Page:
So, what’s a customer to do? By now, many recognize that traditional on-premise management and security solutions, even when enhanced for cloud services, offer limited value. The cloud business applications market, until recently, has lagged in comparison to the overall growth of the SaaS market. For example, some office productivity applications continue to resemble the features and capabilities of the desktop-based predecessors. Remote work in the enterprise has changed that. Mission-critical business applications that run on-premise have become a hindrance to productivity in many cases.

SaaS adoption’s speed and scale, the accelerated time between product updates, and the benefit of anywhere, any device access, all pose significant challenges for traditional solutions. Trying to shoehorn such a solution requires substantial manual resources with minimal added benefit. According to a recent report, more than 90 percent of survey respondents have recently received additional responsibilities, and two-thirds have less time to manage and secure SaaS applications effectively. Additionally, 68 percent of respondents rely solely on manual efforts to detect data exposures.

The growing complexity of SaaS applications poses additional challenges as well. Release notes from SaaS providers usually span several hundred pages and are updated every few months. Merely keeping up with the updates, let alone crafting a comprehensive strategy, is often impossible with limited resources.

As organizations double down on their SaaS deployments to support work-from-home initiatives, they need to ensure that investments are made in the right support resources and tools. Often, the same IT and cloud administration resources are now being asked to support significantly more users than initially planned. In this case, the ease with which SaaS services allow you to scale quickly can work against you and easily overwhelm the administrative resources. The result of such imbalance will appear as increasing trouble tickets, low satisfaction from users, and in some cases, security-related issues such a data exposure or loss. Organizations should track these metrics as they continue to scale their work-from-home initiatives.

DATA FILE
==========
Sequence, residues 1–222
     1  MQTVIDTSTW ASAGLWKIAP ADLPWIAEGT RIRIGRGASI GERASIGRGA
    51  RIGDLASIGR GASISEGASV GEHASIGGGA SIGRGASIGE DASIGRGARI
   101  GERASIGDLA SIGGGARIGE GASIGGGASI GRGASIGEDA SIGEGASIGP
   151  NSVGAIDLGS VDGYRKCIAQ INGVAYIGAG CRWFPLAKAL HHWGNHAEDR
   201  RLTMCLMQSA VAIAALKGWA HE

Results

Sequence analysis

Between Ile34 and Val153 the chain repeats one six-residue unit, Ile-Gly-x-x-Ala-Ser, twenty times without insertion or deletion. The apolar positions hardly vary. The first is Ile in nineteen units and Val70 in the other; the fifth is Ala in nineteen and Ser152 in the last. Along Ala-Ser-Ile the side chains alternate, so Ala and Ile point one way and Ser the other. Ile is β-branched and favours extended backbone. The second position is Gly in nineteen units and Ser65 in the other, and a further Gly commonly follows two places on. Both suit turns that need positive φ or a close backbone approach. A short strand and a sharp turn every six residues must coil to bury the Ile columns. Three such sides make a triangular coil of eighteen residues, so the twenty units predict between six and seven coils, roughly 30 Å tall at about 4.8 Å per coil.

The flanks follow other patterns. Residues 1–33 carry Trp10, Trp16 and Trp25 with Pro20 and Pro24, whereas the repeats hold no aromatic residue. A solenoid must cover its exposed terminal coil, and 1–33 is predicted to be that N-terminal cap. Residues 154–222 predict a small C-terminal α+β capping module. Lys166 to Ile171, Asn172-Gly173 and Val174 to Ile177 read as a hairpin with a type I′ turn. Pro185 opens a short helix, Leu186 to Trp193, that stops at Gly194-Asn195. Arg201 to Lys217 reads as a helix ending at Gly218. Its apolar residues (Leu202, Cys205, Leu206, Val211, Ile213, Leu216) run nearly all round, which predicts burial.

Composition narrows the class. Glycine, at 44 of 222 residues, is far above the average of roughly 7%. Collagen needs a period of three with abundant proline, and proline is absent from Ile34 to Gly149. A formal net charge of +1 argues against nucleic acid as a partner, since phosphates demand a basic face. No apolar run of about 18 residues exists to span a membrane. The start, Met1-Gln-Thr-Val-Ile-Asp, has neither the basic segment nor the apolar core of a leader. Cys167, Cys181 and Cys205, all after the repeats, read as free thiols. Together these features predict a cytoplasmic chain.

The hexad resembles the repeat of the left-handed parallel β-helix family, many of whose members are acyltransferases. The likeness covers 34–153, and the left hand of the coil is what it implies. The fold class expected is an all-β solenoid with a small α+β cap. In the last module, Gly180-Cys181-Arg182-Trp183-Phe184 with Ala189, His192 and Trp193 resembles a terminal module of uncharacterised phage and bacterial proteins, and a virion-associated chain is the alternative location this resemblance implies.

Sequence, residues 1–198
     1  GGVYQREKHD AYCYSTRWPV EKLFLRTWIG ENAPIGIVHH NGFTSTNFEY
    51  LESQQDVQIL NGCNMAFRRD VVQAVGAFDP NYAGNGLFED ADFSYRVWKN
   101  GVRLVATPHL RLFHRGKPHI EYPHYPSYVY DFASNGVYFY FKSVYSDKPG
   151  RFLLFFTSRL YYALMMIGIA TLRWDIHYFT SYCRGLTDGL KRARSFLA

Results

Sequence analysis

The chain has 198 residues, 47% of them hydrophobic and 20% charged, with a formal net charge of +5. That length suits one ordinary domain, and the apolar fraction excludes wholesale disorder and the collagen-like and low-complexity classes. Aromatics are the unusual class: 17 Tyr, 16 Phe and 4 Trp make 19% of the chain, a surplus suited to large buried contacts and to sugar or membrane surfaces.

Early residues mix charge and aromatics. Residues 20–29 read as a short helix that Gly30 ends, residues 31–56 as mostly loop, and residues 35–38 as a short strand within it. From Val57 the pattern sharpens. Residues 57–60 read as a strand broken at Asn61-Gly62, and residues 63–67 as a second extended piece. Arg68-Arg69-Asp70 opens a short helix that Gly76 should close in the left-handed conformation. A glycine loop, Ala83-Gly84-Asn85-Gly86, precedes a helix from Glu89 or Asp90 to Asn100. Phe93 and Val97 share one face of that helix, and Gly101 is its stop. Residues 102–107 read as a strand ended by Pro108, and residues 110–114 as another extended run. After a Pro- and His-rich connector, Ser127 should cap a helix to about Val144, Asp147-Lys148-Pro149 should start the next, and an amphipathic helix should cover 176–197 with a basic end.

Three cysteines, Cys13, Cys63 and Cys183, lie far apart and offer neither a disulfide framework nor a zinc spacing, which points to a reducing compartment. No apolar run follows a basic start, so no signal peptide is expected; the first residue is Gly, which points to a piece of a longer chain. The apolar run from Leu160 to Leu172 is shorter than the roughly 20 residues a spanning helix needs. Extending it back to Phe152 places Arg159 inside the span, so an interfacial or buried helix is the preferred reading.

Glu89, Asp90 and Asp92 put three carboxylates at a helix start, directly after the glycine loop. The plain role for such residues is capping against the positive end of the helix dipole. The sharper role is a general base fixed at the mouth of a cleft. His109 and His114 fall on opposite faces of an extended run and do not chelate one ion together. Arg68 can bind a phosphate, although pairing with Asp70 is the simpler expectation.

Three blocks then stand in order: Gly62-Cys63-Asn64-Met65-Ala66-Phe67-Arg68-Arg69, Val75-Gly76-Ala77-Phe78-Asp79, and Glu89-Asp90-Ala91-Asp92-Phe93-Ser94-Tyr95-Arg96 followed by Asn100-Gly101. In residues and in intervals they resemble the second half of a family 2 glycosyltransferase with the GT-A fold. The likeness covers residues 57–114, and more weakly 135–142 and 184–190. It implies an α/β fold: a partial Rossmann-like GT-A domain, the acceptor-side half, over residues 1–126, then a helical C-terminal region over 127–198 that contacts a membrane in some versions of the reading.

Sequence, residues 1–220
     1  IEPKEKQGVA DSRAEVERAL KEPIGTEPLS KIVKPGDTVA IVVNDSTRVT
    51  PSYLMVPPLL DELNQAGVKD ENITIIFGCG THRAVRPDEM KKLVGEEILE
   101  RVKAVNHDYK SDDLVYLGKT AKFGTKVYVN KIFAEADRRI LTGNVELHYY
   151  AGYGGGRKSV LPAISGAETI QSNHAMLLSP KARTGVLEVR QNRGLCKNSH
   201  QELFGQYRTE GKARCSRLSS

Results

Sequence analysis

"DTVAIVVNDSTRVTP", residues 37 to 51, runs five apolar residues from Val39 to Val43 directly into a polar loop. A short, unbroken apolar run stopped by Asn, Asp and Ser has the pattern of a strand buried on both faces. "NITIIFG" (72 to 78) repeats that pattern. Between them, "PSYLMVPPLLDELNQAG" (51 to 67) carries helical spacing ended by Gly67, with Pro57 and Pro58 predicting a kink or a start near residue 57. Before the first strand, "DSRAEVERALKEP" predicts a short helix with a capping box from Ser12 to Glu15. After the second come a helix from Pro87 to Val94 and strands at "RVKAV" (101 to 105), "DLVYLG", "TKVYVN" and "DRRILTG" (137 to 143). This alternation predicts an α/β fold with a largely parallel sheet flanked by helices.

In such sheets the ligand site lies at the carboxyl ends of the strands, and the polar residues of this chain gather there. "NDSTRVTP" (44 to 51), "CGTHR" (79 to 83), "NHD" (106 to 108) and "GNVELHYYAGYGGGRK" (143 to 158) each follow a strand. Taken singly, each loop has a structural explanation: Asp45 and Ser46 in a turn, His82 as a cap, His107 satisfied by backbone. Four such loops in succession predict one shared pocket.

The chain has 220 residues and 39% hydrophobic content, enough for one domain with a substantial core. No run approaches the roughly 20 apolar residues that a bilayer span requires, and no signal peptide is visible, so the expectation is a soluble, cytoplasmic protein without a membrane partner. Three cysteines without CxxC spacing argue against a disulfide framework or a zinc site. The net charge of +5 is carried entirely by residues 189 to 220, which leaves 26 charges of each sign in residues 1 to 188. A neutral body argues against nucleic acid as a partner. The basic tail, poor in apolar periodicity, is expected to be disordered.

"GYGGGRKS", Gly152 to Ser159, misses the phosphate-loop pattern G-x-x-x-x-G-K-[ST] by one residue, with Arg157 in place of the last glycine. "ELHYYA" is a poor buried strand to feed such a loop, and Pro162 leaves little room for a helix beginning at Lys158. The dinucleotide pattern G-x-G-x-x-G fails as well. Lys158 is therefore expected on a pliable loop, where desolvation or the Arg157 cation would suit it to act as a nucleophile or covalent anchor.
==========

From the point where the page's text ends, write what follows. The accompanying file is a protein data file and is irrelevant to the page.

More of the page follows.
Many enterprises are now turning to a new generation of SaaS management and security solutions. Coined by Gartner as SaaS Security Posture Management, or SSPM, the new breed of solutions provide deeper integration with SaaS applications. It allows analysis of settings and configurations unique and relevant to the specific SaaS application in question. Organizations that utilize sandbox environments to roll out SaaS updates can leverage SSPM solutions to verify all settings before rollout and use the same solution for ongoing monitoring in the production environment.

With SaaS applications’ growing features and security capabilities, an increasing portion of the shared responsibility now falls on the customers’ shoulders. Fortunately, a new breed of solutions is designed to address the changing times and help manage and automate much of what the SaaS customers are now responsible for.